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Kelpe – The Curved Line

Album review

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Within about twenty seconds of The Curved Line I knew it was going to go down a treat. The latest from jazzy electronica producer Kelpe follows the trajectory of last year’s >Sagrada LP from Anenon, while this year we’ve already been blessed by high watermarks of the genre in the shape of Applescal’s For and Panoram’s Background Story.

Fans of the genre will already know the name though; Kel McKeown has been producing records under the Kelpe moniker for around a decade and is one of the most respected students from the school of Aphex Twin. But fear not new arrivals, this is not sub-par ’90s retroism. The Curved Line, much like the previously mentioned records, builds on Kelpe’s reputation as an intricate arranger and features all the warmth and energy needed to ensure The Curved Line is as immediate as it is modern.

Opener ‘Doubles Of Everything’ sets the tone: low squelches of bass, crisp percussion, vocal samples in the mid distance, all brought to life by big, bright synths. We’re then quickly escorted into ‘Chirpsichord’ and ‘Calumet’. The former has a more digital tone and wouldn’t sound out of place in an otherworldly platformer game, while the latter kicks you into dancefloor mood as a pacey 4/4 beat pushes the other sparse but intricate elements into place.

The ‘jazz electronica’ tag needs to live up to its name at some point though, and Kelpe first shows us his more cerebral side on ‘Sick Lickle Thing’. It’s a slowly forming track that takes previous elements and adds a flourish of drum rolls to proceedings. If you’ve ever enjoyed Caribou’s kinetic live sets but felt his records are a little glossy, head straight here for a bit of at-home relief. Recording live drums with long-time performing partner Chris Walmsley and Stereolab’s Andy Ramsay no doubt helped bring to fruition a lot of the necessary human warmth that can be found throughout the record, particularly in ‘Sick Lickle Thing’ and then later in ‘Canjealous’.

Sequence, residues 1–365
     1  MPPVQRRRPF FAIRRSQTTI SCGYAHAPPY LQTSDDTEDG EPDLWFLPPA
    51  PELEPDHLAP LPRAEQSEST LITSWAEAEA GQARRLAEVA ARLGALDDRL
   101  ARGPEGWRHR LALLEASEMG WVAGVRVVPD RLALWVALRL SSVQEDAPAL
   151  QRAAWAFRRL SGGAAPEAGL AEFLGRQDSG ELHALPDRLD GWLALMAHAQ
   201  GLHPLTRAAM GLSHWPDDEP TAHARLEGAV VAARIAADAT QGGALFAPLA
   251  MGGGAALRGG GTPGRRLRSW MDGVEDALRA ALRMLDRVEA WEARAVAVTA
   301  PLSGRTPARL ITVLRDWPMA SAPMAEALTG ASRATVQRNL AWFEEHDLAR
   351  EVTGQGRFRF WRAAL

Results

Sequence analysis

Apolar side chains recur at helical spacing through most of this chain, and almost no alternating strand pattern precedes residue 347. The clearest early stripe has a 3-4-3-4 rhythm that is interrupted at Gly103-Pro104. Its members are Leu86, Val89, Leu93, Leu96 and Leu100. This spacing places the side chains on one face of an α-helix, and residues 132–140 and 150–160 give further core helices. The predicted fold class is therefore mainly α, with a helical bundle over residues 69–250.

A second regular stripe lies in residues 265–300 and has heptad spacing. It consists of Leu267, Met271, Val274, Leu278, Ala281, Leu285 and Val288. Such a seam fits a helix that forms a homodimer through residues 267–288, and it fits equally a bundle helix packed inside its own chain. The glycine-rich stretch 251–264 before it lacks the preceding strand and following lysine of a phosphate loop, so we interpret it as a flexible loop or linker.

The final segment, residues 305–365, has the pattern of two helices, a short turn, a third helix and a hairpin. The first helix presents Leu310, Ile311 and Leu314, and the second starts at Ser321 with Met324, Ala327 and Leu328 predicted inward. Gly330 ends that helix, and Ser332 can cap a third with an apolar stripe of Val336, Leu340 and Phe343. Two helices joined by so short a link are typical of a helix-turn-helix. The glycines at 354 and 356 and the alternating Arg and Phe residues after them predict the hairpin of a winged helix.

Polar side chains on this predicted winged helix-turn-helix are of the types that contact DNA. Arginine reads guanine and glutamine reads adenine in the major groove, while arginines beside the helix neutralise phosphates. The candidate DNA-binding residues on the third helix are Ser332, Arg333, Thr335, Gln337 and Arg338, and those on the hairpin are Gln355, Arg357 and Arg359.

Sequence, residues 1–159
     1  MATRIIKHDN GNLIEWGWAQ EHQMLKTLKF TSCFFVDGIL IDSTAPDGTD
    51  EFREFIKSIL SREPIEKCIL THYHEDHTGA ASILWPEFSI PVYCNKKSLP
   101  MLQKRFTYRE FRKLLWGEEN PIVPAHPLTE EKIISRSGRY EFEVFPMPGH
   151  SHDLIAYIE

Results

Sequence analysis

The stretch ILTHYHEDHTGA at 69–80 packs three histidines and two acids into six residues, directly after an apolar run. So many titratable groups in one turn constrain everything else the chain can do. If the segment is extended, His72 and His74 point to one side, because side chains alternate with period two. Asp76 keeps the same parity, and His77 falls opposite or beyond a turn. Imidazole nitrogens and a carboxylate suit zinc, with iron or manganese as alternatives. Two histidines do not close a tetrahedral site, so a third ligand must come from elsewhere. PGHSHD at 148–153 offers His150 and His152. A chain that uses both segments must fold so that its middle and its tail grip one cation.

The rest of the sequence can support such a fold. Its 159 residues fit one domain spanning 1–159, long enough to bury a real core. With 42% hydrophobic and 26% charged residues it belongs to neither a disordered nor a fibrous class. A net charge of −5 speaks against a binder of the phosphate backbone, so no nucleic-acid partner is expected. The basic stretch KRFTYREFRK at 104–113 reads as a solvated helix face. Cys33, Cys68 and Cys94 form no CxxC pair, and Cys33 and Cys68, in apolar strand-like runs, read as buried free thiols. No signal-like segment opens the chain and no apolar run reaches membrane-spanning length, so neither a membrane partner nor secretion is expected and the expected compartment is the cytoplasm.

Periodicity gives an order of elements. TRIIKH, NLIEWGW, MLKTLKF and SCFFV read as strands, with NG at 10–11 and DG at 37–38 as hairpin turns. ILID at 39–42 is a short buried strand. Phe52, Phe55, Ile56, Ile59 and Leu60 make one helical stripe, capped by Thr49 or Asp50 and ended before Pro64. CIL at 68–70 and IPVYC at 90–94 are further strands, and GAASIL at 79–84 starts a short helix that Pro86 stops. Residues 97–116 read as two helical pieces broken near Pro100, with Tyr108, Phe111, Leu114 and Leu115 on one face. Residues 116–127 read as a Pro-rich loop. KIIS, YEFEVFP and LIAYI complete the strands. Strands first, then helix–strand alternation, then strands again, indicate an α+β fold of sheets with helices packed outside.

Mid-album high point ‘Valerian’ has the sort of rousing, never-quite-there epicness which makes you think him and Holly Herndon should probably collaborate, while the darker tribalism of ‘Drums For Special Effects’ makes you cue up Clap! Clap! and Romare on your media player.

As is often the way with these things, the finale isn’t a blustering bringing together of the previous nine tracks but a palate cleanser. The beat on ‘Incantation’ disappears less than halfway through the track, leaving just the soft, icy keys to riff over shuffling, distorted sounds and slightly grimacing chords. The last twenty-five seconds is a whisper, a bit of breathing space. Then it’s straight back to track one.

Nicholas Burman

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